# PHY 1122 Lecture Notes - Lecture 5: Calipers, Length Measurement, Graduated Cylinder

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2 Mar 2015

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Simple measurements & buoyancy force

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Simple measurements & buoyancy force

Introduction

The purpose of this experiment is to practice basic experimental measurements, calculation techniques and result

presentation methods (tables, graphs, etc.) that will be useful during the whole semester. Most of the subjects

covered during this experiment are presented in the following tutorials:

Measuring techniques

Experimental errors

Propagation of errors

Repeated measurements

How to present a calculation example

How to prepare a graph

How to prepare a table

These documents are available in the Tutorial section at the BbLearn physics laboratory website. Students should

read these tutorials before coming to their lab session.

Part 1 – Length measurement

In this part, you will make length measurements using a meter stick and a vernier caliper. You will learn how to

report the uncertainty of your measurements and how to use them to perform error calculations when calculating

the density of some unknown materials.

Part 2 – Time measurement

For this part, you will carry out several time measurements of the period of oscillation of a pendulum. You will use

these repeated measurements to calculate statistical quantities such as the average, the standard deviation and

the standard error.

Part 3 – The buoyancy force

In this last part, you will investigate Archimedes’ principle which states that the buoyant force, 𝐹𝑏, exerted on an

object partially or fully submerged in a fluid will be equal to the weight of the fluid displaced by the object:

𝐹𝑏=𝜌𝑉𝑔 ,

(eq. 1)

where 𝜌 is the density of the fluid, 𝑉 is the volume of fluid displaced by the object, and 𝑔 is the gravitational

acceleration of 9.81 m/s2. You will use a suspended force sensor to measure the buoyancy force experienced by an

object that is gradually immersed in water. You will plot a graph of buoyancy force vs. the volume of displaced

liquid and, by using a linear regression tool, you will determine the value of the density of water, 𝜌.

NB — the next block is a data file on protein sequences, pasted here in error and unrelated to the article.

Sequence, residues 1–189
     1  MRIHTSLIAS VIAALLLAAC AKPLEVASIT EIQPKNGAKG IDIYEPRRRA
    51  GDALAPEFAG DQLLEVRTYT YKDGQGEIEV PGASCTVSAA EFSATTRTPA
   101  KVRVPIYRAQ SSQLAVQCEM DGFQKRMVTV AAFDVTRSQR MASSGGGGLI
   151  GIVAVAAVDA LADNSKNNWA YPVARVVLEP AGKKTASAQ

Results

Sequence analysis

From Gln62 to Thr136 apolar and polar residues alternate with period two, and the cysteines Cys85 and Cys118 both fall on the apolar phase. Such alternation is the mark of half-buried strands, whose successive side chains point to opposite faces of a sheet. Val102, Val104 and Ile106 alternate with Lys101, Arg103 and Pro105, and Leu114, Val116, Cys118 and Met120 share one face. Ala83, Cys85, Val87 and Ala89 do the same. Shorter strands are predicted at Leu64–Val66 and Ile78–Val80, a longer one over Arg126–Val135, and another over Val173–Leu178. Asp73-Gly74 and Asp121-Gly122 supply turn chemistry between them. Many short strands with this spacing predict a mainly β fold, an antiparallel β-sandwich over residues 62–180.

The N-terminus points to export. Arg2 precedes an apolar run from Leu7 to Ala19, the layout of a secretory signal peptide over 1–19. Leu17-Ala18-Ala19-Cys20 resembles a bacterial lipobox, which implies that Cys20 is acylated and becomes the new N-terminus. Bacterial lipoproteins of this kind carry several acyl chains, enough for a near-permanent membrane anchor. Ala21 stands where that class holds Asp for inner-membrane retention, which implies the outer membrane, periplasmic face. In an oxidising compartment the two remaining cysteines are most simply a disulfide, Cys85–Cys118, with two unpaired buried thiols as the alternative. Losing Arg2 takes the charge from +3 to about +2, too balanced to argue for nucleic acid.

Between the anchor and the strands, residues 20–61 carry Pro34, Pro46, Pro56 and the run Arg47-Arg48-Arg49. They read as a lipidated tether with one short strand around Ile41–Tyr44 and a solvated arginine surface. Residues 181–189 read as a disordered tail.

Suggested reading

Students taking

Suggested reading

PHY 1122

Section 12.3

Young, H. D., Freedman, R. A., University Physics with Modern

Physics, 13th edition. Addison-Wesley (2012).

Simple measurements & buoyancy force

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Objectives

Part 1 – Length measurement

Familiarize yourself with different measuring instruments such as the meter stick and the vernier caliper.

Determine the uncertainty on each measurement and perform some error calculations based on length

measurements.

Prepare a proper table to report measurements.

Calculate the density of a metallic object and determine its metal types from a table.

Part 2 – Time measurement

Calculate the period of oscillation of a pendulum.

Calculate the average, the standard deviation and the standard error of several measurements.

Learn how to describe and account for variation in a set of measurements.

Learn how to describe a range of experimental values.

Part 3 – The buoyancy force

Determine the value of the density of a liquid using a force sensor to measure the buoyancy of an object

gradually being submerged in water.

Prepare a proper graph using Logger Pro and use the linear regression tool.

Compare your value with the accepted value for this quantity.

Materials

Meter stick and vernier caliper

Solid cylinder to measure the dimensions

Stopwatch

Pendulum

Electronic balance (one per classroom)

Computer equipped with Logger Pro and a Vernier computer interface

Force sensor

Lab jack with universal support and clamp holders

String and masses (2 x 200 g, 1 x 100 g)

Graduated cylinder

Safety warnings

Be careful not to drop the mass from the pendulum on your foot (you should always be wearing covered shoes in a

lab). Be careful to not spill water.

References for this manual

Density set. PASCO scientific (1992).